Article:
Miedl also dealt with non-Jewish collectors. He bought a collection of 19 old master paintings from German banker Franz Koenigs in 1941: 9 Rubens paintings from it were sold by Miedl to Göring. from the Belgian art collector Émile Renders, he bought 12 old Flemish works, including works attributed to Hans Memling and to Rogier Van der Weyden. 6 Works were sold to Göring, the other half was kept by Miedl.[7][8]

In 1942, Miedl bought Christ with the Adulteress, a painting supposedly by Johannes Vermeer but actually a forgery by Han van Meegeren, for 1.65 million Dutch guilders. He then sold it to Hermann Göring in exchange for an undisclosed sum of money and 150 other looted paintings, 54 of them originally from the Goudstikker collection, totalling about 2 million guilders worth.[6][8]

Miedl was also involved in other business and speculation. His most ambitious plan was to buy, according to the source, either the coast of Labrador[7] or Anticosti Island,[3] or both[5] to have a constant supply of wood for Germany, or alternatively as a foothold to spy on Canada or the United States. It failed when Canada disallowed the sale for fear of espionage. He also was said to have attempted to buy a gold mine in the Dutch East Indies,[5] and was reputedly involved with diamond smuggling.[7]

In July 1944,[7] Miedl fled to Francoist Spain via Switzerland. He had in February 1944 sent most of his art collection to the country, together with his wife who he felt was no longer safe in the Netherlands despite Göring's protection. It has also been speculated, based on claims made by SS officer Otto Ohlendorf, that he transferred part of Göring's collection to Spain as well, as a safeguard against the fall of the Third Reich. Twenty two paintings he had smuggled out of the Netherlands, including thirteen paintings of the Goudstikker collection, were confiscated in the port of Bilbao. Although they were reclaimed by the Netherlands, it is unclear what happened to them.[10] Miedl remained in Spain and negotiated a deal with the Dutch authorities, who confiscated valuables worth about 1.8 million guilders, and some 150 pictures left by Miedl in the Netherlands when he fled. Other paintings acquired by Miedl were kept in banks in Berlin, and in Switzerland. The works in Switzerland, which included 4 paintings by Paul Cézanne and Van Gogh's Self portrait with bandaged ear, all previously owned by French art dealer and Jew Paul Rosenberg, were confiscated in 1945. The works in Germany were also recovered and claimed by the Dutch government.[6][7][8]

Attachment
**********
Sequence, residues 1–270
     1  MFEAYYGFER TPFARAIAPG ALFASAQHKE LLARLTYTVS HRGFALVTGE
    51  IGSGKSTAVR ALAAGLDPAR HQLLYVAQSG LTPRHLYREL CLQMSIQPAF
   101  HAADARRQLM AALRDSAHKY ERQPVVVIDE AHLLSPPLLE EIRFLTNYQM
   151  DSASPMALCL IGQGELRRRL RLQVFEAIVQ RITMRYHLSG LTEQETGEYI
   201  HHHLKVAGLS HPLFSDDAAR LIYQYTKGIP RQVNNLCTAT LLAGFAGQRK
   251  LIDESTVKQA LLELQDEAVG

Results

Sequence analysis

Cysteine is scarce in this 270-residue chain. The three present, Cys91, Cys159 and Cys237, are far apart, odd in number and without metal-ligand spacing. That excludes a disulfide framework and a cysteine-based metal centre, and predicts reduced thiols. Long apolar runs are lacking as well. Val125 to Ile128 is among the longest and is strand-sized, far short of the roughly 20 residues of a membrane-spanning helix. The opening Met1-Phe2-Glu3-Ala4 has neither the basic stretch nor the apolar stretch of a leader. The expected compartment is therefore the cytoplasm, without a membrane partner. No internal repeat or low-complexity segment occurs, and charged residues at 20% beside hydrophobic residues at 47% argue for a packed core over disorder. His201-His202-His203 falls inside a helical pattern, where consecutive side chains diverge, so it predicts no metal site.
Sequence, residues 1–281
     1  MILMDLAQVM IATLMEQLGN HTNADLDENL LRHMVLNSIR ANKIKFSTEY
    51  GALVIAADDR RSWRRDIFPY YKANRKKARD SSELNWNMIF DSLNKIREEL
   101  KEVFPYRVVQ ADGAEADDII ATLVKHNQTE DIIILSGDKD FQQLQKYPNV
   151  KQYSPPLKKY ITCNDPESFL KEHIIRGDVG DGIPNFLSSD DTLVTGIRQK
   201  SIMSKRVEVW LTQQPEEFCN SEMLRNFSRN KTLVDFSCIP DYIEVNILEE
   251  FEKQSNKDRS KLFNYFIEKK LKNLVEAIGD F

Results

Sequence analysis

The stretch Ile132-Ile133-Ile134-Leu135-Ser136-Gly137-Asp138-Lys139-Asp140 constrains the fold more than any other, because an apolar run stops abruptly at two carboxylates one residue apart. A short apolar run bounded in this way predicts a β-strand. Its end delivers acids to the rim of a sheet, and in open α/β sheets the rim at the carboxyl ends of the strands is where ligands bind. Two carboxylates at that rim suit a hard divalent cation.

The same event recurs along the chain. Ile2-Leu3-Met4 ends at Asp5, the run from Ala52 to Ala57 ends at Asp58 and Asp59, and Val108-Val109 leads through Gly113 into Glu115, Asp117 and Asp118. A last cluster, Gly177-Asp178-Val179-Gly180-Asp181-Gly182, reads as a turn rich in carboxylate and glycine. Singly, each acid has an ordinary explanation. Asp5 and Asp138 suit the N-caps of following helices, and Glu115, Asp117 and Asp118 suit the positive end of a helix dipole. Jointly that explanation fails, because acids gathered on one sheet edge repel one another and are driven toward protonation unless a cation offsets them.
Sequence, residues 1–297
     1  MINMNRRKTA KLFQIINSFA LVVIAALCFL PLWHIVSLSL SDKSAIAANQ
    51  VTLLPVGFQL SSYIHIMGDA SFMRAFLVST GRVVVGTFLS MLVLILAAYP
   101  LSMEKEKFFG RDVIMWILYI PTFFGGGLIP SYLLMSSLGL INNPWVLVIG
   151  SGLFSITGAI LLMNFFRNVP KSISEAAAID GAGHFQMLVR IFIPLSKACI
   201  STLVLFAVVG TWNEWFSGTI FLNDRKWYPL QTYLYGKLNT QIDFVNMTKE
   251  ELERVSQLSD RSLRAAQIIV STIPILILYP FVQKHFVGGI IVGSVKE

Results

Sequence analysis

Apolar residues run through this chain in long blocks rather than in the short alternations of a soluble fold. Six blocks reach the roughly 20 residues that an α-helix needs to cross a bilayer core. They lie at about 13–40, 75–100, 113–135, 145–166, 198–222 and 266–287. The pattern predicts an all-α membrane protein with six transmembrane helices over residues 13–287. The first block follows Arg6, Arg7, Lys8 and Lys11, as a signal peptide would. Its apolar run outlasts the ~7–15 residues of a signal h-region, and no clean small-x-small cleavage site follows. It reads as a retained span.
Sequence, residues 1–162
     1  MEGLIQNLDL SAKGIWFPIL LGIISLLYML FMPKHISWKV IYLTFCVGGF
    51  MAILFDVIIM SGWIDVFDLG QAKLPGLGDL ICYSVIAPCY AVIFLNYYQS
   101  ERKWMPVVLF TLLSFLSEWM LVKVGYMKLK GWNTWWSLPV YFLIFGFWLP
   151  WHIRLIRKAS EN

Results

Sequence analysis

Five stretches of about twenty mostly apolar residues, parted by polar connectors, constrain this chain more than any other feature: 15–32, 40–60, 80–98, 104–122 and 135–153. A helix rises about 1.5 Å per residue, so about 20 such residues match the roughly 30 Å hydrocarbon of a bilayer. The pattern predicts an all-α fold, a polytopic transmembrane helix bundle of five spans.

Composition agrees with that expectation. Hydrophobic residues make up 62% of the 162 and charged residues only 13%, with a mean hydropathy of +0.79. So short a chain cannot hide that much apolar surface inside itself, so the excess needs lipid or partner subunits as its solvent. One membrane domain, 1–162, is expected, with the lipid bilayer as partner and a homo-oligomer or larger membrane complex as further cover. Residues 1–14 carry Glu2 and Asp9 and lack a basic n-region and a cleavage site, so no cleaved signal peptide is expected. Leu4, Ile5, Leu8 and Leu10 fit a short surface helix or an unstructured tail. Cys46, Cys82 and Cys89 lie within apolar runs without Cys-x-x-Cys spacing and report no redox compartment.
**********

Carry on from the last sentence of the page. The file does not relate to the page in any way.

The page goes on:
No further trial or repayments were asked, meaning that Miedl was free to keep the rest of his amassed wealth and continue to do business throughout the world. He was estimated to have smuggled some 200 paintings to Spain that were never recovered. He tried to sell a Goya to the Prado. He planned an auction of the others, and had prepared a catalogue, listing works by Cranach, Rubens, Van Gogh, Rembrandt, Anthony Van Dyck, Cézanne, Titian and El Greco. He sold a painting he had bought during the war from Émile Renders, a copy of a wing of the Braque Triptych by Rogier Van der Weyden, perhaps made by Hans Memling, to a private collector in Norway in 1966.[11] He died in 1990.[6][7][8]


  1. ^ "Alois Miedl" (PDF). Persoonlijkheden in het koninkrijk der Nederlanden. Retrieved 6 November 2014.
  2. ^ a b Haase, Gunther (1991). Kunstraub und Kunstschutz, Band I: Eine Dokumentation (in German). Haase. ISBN 9783833489754.
  3. ^ a b Plaut, James S. (1 September 1946). "Loot for the Master Race". The Atlantic. Retrieved 6 November 2014.
  4. ^ Alford, Kenneth D. (2003). Nazi Plunder: Great Treasure Stories of World War II. Da Capo. p. 26. ISBN 9780306820908.
  5. ^ a b c d e Scherphuis, Ageeth (10 November 1990). "Een heer in de kunsthandel" (PDF). Vrij Nederland (in Dutch). Retrieved 6 November 2014.
  6. ^ a b c d e f Lopez, Jonathan (2009). The Man Who Made Vermeers: Unvarnishing the Legend of Master Forger Han van Meegeren. Houghton Mifflin Harcourt. ISBN 9780547350622.
  7. ^ a b c d e f g h Nicholas, Lynn H. (2009). The Rape of Europa: The Fate of Europe's Treasures in the Third Reich and the Second World War. Knopf Doubleday. ISBN 9780307739728.
  8. ^ a b c d e f Alford, Kenneth D. (2012). Hermann Goring and the Nazi Art Collection: The Looting of Europe's Art Treasures and Their Dispersal After World War II. McFarland. ISBN 9780786489558.
  9. ^ "Dutch Holocaust Claim Begs Question: Forced Sale or Voluntary Art Dealing?". JTA. 10 October 2007. Retrieved 6 November 2014.
  10. ^ Irujo, José María (29 November 1998). "España sólo reconoce un "modesto" papel en el robo de obras de arte de judíos". El País (in Spanish). Retrieved 6 November 2014.
  11. ^ "Renders, Émile". Dictionary of Art Historians. Retrieved 6 November 2014.